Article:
“Look back twice as far as you look forward,” Paul Saffo on Forecasting
Forecasting anything to do with Craft Beer is a process of interpreting historical and current data to project ahead. Now we are looking at it as consumers to understand why there are hits and misses in the forecasting process.
With 9,500 craft brewers in America and more on the way, the economic footprint of the craft industry is significant. It will stay relevant because the sector is agile and responds to “change” quickly. However, not that long ago, headlines such as “The Craft Beer Industry’s Buzz is Wearing Off” appeared in The Washington Post on April 10th, 2018. Similar articles suggested a waning craft beer industry. Here is another example, “The days of eye-popping growth numbers for the craft beer industry seem to be over,” Fortune, March 2018.
Even after a pandemic and economic turmoil, don’t bet against craft beer. In 1897, a newspaper reporter asked Mark Twain if he was dead. The fortuitous reply has some applicability to Craft Beer circa 2023. The gist of Twain’s famous response was, “The reports of my death are greatly exaggerated.” Today, prior reports of a diminished craft beer industry are “greatly exaggerated” too. Do not ask if Craft Beer is dead or even dying. It is resilient, as exhibited by its packaging, branding, and product creativity. One recent projection forecasted craft beer to be a $92 billion industry by 2025, up from $76 billion in 2021.
In recent years, the owners of macro breweries have acquired craft breweries, albeit with mixed results. It appears that these forays have highlighted the fact that micro-operations have a unique set of challenges. For example, by owning their large barley and hops farming operations, some macro brewers have ensured themselves supplies of critical raw materials. Craft brewers, who focus on specific varietals of hops and barley for their recipes, are stressed by supply chain issues.
Change forms insights, and insights are part of forecasts. There is value in craft brewers having insight.
Bart Watson is Chief Economist at the Brewers Association. He touches on one of the difficulties in developing yearly and long-range forecasts, “Change is constant in the beverage alcohol industry. Properly addressing Change is an art and science with the goal to anticipate trends that help craft brewers minimize future risk yet facilitate out-year planning. Nothing is 100% sure, and the vagaries of disparate market segments are challenging to deal with.”
“Companies need to think about how they can still be relevant in a market where we are going to see thousands of new breweries open,” Watson said. “This is a trend. It is not going away.”
Here are some issues breweries deal with daily that most beer consumers often overlook. For example, how to get store shelf space, political issues, taxes, supplies, financing, and labor shortage. Newer issues are labor and supply chain. Despite all the disruption, “in 2022 there were 550+ new brewery operations added to the industry and approximately 250 closings,” says Watson. “In spite of that last fact, a substantial number of people still feel craft beer is a good endeavor despite all the changes.”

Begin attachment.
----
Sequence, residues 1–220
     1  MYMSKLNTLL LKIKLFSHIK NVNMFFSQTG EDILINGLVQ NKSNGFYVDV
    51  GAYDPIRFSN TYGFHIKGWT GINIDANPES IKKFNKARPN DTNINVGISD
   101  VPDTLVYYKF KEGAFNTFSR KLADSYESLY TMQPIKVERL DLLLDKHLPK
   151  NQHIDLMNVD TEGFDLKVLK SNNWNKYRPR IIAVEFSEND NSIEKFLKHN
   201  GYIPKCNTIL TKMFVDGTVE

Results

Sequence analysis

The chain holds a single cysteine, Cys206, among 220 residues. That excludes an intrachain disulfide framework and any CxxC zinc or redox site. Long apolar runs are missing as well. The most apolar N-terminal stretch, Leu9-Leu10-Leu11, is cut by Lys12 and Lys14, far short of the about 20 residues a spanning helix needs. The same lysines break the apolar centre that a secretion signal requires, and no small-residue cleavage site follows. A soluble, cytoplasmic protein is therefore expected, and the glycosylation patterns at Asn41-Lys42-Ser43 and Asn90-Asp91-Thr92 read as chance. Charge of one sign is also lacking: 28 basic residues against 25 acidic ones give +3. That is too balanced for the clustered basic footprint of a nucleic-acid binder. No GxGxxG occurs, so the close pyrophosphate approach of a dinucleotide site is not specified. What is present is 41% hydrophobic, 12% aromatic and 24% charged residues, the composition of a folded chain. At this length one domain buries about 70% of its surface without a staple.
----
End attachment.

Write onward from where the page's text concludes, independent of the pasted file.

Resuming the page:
According to Watson, what issues don’t seem to be resolved in the short term?
- Brewery openings will be the lowest in over a decade.
- Distributed craft volume will not grow significantly.
- The supply chain will remain rocky, but collectively average prices will come down from their 2022 peaks.
- Total brewery employment will still grow, partly relieving recruiting challenges.
Most craft breweries focus on local distribution problems; every market has distinct characteristics. Because of that, branding will be front and center in building loyalty, maintaining and holding market share, and creating new markets with new category products (seltzers and RTD).
Looking forward to the next couple of years, there is no lack of prognostications about the craft beer industry’s future. Anything beyond a 3-year analysis is probably a waste of time. Here is one immediate example, even economists can’t agree on if or when a recession will be in the U.S., this indecision has been going on for two years. The best course of action for brewers is trusting intuition, insight, historical data, experience, and synthesizing data from vendors and suppliers.
The following is a collection of top-line thoughts from people who have contributed insight on craft beer forecasts.
Brewers are still moving toward traditional styles and impetus on lower alcohol and calories.
The IPA is still king, with approximately 35% of the craft market, but it is not with the force it once exhibited. “Many brewers are putting renewed focus on craft lagers, with their own regional specializations and/or recipe twists, in addition to highlighting lower calories for health-conscious craft drinkers,” reports Jessica Jacobsen in Beverage Industry.
The craft beer supply chain has many moving parts-ingredients, packaging, and distribution.
The supply chain “starts with the raw ingredients needed for production and packaging and stops when the beer is delivered to the end user (retail or direct-to-consumer). This could be home delivery from an online order or when the barman pours a pint for a pub patron,” noted an article by Unleashed Software updated in January 2023.
Raw materials are continuing to experience supply issues. Hops are scarce due to fires, draughts, and environmental issues. Barley is becoming an issue due to the war in Ukraine, drought, pest, and sustainable crop issues. As an aside, many barley crops worldwide are for animal feed, not just beer. The latter point means that competition for barley does impact pricing and availability.